That’s Sheriff Tom Dart, explaining exactly why he won’t enforce foreclosure evictions from dicey actions by the banks. He says “This is not the lotto… this isn’t something where we’re rolling the dice and saying, possibly this has been done legally. Maybe it hasn’t but in the meantime, you and your children go find someplace else to live, plenty of homeless shelters out there. We can’t do that.”
Sheriff Dart is among the growing coalition of activists, politicians, defense lawyers and simply those interested in justice who have latched onto this scandal and will never let go. The Washington Post tells the story today of Lisa Epstein and the folks over at 4closurefraud, who have been indispensable in rooting this out. The Wall Street Journal did the same for defense lawyers involved in seeking justice on this issue, although they did a real hash of it (see Naked Capitalism for the details). My point is that you cannot stop this train from rolling downhill. Especially when the courts have responded to the scandal by giving the issue more attention and scrutiny, and giving the banks more losses in the cases. Here’s another today, from 4closurefraud:
On September 30, 2010, U.S. Bankruptcy Judge Harry C. Dees, Jr., Northern District of Indiana, South Bend Division, confronted head-on the widespread practice of employees of mortgage servicing companies signing Mortgage Assignments with false job titles, in Koontz v. EverHome Mortgage and Mortgage Electronic Registration Systems, Inc., Case No. 09-30024, Proc. No. 10-3005. In this contested foreclosure, EverHome and MERS moved for summary judgment, while the plaintiff homeowners argued that there were genuine issues of material fact that precluded summary judgment. One such issue involved a Mortgage Assignment signed by Bethany Hood as Vice President of Mortgage Electronic Registration Systems, Inc. (“MERS”). (Regular readers of Fraud Digest will recognize that Bethany Hood is a clerical employee of Lender Processing Services who works in the Mendota Heights, MN office and who signs thousands of mortgage documents monthly using at least 20 different job titles.) [...]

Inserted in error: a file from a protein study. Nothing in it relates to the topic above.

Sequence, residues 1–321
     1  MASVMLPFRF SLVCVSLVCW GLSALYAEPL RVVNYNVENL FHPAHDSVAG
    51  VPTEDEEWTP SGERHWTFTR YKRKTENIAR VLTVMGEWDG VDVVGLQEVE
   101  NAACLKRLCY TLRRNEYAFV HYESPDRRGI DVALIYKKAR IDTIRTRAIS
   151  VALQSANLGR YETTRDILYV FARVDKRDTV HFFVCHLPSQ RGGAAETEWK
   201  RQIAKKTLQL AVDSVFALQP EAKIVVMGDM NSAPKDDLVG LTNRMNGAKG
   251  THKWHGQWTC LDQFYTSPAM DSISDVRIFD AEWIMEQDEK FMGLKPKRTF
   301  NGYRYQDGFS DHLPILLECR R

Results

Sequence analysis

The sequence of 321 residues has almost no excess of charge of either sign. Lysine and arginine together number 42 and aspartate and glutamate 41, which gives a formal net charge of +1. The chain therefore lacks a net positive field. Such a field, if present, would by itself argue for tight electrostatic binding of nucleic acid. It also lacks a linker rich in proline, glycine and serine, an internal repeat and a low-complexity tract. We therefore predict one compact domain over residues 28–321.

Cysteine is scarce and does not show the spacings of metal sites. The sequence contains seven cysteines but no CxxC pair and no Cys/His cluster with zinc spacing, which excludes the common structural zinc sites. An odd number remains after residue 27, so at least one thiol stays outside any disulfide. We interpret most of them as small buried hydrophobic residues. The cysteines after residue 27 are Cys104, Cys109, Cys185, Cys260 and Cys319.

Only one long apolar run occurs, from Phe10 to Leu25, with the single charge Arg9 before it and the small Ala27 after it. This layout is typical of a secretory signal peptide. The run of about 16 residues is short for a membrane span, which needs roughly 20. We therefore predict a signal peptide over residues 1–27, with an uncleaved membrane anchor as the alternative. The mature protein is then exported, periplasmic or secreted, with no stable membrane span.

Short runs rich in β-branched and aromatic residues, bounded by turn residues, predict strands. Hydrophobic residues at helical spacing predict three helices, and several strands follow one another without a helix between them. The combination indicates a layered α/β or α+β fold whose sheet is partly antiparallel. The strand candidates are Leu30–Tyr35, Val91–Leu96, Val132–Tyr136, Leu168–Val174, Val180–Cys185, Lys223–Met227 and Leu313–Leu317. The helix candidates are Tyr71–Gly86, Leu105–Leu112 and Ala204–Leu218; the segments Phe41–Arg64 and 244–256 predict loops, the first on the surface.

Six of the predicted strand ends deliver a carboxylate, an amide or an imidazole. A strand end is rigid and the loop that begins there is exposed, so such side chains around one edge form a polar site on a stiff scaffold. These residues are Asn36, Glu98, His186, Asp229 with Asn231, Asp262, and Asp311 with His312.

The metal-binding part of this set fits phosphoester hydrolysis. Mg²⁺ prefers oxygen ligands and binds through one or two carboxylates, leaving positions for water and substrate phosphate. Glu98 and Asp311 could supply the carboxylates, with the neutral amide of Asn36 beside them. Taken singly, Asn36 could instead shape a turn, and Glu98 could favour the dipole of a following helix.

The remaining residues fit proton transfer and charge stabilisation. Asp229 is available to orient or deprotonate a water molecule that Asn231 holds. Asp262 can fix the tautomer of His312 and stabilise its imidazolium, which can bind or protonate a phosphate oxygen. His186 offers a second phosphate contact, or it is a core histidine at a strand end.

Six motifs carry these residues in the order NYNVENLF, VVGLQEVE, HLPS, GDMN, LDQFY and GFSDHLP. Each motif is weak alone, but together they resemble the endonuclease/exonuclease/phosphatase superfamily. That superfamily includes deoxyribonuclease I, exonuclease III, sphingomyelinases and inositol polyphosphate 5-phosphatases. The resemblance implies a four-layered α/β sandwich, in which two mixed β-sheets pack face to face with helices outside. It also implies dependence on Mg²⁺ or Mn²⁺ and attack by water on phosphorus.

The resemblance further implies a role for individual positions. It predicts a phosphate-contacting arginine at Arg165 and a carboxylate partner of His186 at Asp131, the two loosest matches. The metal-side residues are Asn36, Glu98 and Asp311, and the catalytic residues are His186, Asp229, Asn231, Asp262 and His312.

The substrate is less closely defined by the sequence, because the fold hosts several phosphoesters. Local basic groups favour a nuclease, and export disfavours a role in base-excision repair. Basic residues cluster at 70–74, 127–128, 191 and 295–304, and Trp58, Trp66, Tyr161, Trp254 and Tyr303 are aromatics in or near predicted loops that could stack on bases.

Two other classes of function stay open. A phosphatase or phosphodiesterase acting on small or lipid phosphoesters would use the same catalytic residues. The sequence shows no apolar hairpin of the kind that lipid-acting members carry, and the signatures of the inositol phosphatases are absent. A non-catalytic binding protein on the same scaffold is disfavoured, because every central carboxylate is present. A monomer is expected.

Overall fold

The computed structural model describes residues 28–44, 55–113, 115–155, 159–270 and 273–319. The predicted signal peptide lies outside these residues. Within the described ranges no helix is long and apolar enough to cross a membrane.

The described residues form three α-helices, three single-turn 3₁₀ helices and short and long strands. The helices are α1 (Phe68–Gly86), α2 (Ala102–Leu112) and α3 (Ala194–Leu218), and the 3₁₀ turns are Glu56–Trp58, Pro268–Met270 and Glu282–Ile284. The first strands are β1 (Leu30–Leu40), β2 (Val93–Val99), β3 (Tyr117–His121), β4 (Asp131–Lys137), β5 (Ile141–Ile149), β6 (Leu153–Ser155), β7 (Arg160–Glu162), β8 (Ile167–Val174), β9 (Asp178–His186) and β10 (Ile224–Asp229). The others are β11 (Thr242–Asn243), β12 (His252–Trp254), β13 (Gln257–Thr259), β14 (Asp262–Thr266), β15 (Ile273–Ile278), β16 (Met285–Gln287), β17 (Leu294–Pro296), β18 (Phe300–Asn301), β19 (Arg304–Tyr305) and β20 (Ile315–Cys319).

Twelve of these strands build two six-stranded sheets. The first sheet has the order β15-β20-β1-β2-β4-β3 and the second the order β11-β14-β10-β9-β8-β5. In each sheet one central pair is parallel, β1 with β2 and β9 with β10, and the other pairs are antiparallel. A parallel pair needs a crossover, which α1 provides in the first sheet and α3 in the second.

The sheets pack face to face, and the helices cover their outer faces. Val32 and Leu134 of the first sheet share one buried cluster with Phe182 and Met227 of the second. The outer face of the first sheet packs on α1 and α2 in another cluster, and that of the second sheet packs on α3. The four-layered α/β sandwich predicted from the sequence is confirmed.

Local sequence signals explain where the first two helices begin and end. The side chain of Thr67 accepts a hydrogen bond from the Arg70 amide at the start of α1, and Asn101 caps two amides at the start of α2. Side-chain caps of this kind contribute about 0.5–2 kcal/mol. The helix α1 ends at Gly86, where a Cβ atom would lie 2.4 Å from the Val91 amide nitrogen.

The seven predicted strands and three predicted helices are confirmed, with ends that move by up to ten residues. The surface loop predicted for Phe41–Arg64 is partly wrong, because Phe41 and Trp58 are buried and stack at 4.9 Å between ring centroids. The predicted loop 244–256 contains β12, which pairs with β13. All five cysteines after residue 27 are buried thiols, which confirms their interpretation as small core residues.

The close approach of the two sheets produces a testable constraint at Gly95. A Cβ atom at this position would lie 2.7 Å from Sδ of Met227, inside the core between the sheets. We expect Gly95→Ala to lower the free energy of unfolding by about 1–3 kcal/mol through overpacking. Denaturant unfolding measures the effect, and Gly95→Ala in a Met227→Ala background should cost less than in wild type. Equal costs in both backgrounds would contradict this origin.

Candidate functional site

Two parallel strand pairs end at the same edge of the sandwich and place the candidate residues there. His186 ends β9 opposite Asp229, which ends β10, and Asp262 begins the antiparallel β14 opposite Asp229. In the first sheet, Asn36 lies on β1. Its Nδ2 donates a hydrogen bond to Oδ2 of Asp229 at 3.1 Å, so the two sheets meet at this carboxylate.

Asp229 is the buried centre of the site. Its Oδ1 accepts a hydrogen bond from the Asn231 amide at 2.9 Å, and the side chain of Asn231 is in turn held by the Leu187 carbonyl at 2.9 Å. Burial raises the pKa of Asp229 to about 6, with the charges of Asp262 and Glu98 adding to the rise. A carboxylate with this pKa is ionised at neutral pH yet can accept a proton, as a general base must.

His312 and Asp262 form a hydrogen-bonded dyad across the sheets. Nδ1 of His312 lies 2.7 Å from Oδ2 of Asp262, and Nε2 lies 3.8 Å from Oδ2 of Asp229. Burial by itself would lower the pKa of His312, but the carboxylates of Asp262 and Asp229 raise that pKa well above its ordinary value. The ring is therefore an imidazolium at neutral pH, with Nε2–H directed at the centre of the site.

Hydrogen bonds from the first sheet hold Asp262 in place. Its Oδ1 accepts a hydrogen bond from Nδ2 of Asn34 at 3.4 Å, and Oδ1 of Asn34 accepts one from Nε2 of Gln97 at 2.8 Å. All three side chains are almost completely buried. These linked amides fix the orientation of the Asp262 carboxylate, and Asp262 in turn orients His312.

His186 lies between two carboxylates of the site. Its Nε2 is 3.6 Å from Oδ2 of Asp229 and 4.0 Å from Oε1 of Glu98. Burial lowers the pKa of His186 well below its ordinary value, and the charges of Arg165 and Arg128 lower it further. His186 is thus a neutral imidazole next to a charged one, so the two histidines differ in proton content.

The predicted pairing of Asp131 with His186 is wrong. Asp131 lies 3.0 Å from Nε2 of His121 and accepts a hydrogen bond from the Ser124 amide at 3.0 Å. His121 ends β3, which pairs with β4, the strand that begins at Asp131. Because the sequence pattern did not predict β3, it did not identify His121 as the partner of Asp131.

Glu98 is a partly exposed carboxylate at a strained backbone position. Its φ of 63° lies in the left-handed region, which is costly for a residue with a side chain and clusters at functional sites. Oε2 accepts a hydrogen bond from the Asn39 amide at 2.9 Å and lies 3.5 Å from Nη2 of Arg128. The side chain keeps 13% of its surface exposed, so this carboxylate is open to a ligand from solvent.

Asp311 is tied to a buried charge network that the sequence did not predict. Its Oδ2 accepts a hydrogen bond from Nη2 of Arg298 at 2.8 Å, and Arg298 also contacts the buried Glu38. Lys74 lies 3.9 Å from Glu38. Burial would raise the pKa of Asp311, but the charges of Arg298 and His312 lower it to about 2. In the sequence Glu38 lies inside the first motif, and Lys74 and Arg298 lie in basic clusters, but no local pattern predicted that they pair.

On this case, the Creditors have been forced to admit that a non-employee signed the Assignment of Mortgage, representing herself to be a Vice President of MERS and other banks or mortgage companies held the Mortgage and or Note at issue… Having determined that genuine issues of material fact exist, the Court denies the Motions for Summary Judgment filed by the EverHome defendants and MERS…”
I’ve talked about how MERS has been denied standing to foreclose, and how their process of assigning Vice-Presidencies to anyone who wants them stood on questionable legal ground. So much for their assertion that they’ve never lost in court. The LA Times added to the pressure on MERS just today.
The banks don’t really know how bad this can get for them. They thought they could bully homeowners out of their homes and cut corners in every which way. They thought they could commit fraud to mask even larger fraud. The courts are systematically telling them that they can’t. Jonathan Weil gets this right:
The banks have only themselves to blame for the fix they’re in. Three years ago, as the subprime mortgage crisis began to spiral, one of the lessons the public should have learned is that the leaders of these companies often have no idea what’s going on inside them. We may be witnessing the same phenomenon again. There’s no excuse this time for anyone to be surprised.
Maybe it’s optimism day for me and tomorrow I’ll go back to cynicism. But the only way that the banks succeed in sweeping this under the rug is if everyone lets them. And I don’t see full evidence of that.